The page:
Migrant paths became trade routes with time and by the fourth millennium B.C., there were trading posts or caravanserai operating in certain places along the roads that the caravans followed. Migration also continued to follow those roads to greener pastures and more fertile land to farm. From pigs to camels, different varieties of sheep and goats, even the horse and of course the dog were part of the entourage of a migrant clan leader. Ancient Sousiana in Persia was one of those hubs of human movement and socio-economic exchange.
By about 3,000 B.C. there were people in that area that spoke a language related to the pre-Anglo-Saxon language of England, Ireland, Scotland, Wales, Asia Minor, Galicia and part of France, the old Celtic root. The speakers of this now dead or dying branch of this Indo-European language group did not show up only in the historical record in Europe. The Tocharians from Susiana in Persia spoke a version of this same Celtic language in Persia and in the place they migrated to: northwestern China. Also to be noted is that the Indo part of the Indo-European (at this point, really Indo-Aryan) language group was spoken in the Indus Valley by this time.
But what has this to do with dragon symbols? We will focus on the dispersal of the dragon symbol in Greater Persia and Northwestern China. There is a connection of similar uses of the dragon symbol in ancient Susiana (Elam, Gutin) and the area of China that is just over the Himalayas in northwestern China.
To recap a bit here: Susiana was located near the Persian Gulf where Syria and Iraq join Greater Persia which stretched from central Turkey to the western side of the Himalayas. The trade routes are known because long stretches of them are still in use. I have traveled along some of them. A small sketch here of how the roads developed into the Silk Road(s) in the last millennium B.C. :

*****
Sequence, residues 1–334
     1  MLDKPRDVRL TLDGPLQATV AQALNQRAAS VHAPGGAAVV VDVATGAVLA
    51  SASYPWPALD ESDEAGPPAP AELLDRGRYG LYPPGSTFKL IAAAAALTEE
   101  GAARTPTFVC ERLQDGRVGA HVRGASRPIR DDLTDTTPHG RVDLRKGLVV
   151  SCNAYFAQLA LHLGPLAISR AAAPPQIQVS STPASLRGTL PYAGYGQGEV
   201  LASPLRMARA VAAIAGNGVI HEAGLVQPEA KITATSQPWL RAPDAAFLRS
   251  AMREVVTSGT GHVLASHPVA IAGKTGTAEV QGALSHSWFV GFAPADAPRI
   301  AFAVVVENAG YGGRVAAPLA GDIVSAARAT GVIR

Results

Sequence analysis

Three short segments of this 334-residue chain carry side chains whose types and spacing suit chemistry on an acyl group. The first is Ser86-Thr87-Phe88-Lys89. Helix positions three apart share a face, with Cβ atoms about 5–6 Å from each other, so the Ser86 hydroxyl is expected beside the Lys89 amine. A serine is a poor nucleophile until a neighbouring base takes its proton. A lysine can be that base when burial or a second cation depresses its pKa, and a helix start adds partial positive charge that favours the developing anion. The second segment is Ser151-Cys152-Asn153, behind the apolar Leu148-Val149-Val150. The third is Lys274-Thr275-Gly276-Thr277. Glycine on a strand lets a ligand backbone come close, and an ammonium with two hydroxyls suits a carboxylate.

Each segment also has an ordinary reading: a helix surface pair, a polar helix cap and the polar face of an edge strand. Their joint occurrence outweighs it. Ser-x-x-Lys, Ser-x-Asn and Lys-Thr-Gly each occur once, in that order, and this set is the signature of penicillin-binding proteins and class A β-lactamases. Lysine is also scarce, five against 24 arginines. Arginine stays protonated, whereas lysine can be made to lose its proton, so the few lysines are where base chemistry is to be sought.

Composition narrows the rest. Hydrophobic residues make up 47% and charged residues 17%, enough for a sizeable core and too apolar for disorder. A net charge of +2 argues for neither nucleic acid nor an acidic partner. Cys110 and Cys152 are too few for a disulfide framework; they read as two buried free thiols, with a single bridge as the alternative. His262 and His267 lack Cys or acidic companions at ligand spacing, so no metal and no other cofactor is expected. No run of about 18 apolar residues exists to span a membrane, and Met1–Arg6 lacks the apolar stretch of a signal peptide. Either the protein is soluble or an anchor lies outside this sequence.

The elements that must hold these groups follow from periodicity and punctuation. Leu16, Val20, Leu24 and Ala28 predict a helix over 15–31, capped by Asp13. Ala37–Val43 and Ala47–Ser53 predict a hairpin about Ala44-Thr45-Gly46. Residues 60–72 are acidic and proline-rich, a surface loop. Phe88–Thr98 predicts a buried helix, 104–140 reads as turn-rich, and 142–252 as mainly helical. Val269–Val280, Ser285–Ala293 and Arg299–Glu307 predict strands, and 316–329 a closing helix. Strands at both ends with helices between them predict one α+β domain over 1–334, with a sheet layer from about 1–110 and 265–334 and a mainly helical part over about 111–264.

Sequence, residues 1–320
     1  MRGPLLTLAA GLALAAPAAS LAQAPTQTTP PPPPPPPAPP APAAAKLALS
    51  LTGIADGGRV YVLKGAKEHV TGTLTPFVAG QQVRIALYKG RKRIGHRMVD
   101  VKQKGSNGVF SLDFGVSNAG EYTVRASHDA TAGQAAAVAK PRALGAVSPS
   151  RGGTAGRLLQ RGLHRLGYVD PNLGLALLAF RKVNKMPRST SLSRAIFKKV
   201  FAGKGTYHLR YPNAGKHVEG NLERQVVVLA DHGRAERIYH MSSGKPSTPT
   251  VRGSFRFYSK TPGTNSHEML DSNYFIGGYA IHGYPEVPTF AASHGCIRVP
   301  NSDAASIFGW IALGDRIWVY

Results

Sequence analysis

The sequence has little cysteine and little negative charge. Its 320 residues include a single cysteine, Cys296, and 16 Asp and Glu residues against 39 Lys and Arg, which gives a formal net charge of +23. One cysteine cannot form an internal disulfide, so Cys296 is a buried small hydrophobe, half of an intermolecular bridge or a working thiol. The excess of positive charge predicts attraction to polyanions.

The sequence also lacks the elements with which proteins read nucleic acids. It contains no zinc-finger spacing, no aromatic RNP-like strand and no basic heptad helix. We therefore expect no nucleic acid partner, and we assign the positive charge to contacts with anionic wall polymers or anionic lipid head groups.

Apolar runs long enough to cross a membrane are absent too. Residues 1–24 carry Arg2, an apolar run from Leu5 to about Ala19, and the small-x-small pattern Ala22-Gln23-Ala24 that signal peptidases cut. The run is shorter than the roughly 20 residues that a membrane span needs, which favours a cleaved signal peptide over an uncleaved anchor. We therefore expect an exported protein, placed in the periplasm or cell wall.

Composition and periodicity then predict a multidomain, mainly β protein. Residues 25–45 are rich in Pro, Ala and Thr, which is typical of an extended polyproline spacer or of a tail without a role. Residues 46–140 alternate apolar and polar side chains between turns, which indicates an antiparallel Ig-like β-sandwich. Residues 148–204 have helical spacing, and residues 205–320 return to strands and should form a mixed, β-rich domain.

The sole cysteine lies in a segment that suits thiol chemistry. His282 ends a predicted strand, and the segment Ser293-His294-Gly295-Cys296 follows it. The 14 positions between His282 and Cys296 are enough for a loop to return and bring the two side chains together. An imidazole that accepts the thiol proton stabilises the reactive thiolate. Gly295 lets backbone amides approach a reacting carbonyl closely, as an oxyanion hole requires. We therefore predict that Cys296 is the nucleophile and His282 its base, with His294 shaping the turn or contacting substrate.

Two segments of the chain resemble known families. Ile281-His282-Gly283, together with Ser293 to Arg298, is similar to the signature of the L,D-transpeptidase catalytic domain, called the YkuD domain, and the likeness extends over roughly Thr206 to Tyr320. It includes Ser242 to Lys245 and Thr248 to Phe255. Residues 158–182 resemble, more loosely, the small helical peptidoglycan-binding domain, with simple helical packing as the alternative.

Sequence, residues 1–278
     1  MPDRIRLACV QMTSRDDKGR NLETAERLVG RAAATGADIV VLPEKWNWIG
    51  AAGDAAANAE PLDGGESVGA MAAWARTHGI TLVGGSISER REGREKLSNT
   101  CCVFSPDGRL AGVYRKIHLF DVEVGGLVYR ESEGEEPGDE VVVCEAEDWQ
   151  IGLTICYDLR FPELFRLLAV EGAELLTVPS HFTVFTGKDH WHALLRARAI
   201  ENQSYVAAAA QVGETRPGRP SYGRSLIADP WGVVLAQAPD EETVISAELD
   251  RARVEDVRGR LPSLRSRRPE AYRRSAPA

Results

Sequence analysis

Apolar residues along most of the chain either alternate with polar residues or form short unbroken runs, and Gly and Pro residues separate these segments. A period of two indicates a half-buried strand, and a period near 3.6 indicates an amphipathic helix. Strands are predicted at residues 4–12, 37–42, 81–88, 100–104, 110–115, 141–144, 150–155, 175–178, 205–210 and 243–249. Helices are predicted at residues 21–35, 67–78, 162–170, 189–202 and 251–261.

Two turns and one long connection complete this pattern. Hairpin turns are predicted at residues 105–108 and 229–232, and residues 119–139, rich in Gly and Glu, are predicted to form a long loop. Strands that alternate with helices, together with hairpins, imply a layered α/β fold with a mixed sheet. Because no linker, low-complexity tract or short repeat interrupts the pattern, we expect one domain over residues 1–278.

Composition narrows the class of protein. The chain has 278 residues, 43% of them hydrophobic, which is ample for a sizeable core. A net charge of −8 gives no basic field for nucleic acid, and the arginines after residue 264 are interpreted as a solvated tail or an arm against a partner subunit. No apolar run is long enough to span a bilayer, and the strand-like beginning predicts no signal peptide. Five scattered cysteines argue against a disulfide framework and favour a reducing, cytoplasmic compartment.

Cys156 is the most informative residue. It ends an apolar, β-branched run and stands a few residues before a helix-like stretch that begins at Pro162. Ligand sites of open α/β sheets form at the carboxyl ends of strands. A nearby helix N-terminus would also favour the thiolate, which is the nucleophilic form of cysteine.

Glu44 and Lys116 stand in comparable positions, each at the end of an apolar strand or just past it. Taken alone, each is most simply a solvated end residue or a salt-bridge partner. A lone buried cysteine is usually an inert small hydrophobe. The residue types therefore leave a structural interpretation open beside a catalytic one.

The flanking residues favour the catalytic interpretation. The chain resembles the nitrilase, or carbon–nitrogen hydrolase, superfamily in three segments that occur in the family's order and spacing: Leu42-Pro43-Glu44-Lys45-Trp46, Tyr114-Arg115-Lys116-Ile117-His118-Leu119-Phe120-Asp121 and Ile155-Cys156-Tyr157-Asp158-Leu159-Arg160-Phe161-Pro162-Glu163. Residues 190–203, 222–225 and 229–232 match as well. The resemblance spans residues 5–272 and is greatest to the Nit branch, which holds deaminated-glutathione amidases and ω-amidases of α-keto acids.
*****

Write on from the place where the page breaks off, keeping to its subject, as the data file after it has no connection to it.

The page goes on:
Tashkorgan, the first landing of those migrants or traders over the high mountain passes from the west (Persia) or south (Indus Valley), was one of the world's busiest market places. Goods were exchanged there to be passed along by resident or traveling merchants to the remainder of China, Mongolia and other parts of the East. Merchants had come from the other end of the route to Tashkorgan to make the exchanges and take the newly acquired goods to sell along the remainder of the route.
Beads or raw stones to make beads and other ornaments were very important items of trade. They were portable enough that they could be used as 'money.' The eastern side of the Himalayas actually have ancient jade 'coins' with an assigned value. Agate, quartz, jade and lapis lazuli were the prized gemstones of the area. They were carried as far as Egypt from their source in what are now Iran and Afghanistan. It is from that very area that the beads in the photograph below originate. They are probably from about 1,500 B.C. The brown banded agate bead was highly prized at this time.
Ancient Brown Banded Agates from proto-Iranian Civilization
The pig images at the bottom of this amulet coin show the honored animal in the Neolithic Hongshan culture that lasted until about 3,000 B.C. At about that time, the pig gradually became a dragon with a pig's head. This jade coin is a modern interpretation of that cultural development. At the bottom are the pigs, then the dragon and finally the victorious phoenix, of which we will see more in these blog posts.
As mentioned above, from some other influence, by about 3,000 B.C., the people on the eastern side of the Himalayas had adopted the dragon, and their amulet became a symbol much like the Iranian one above. A circle of two dragons or entwined dragons with pig-like features, or like this single one that shows the mixed symbolism of pig-dragon: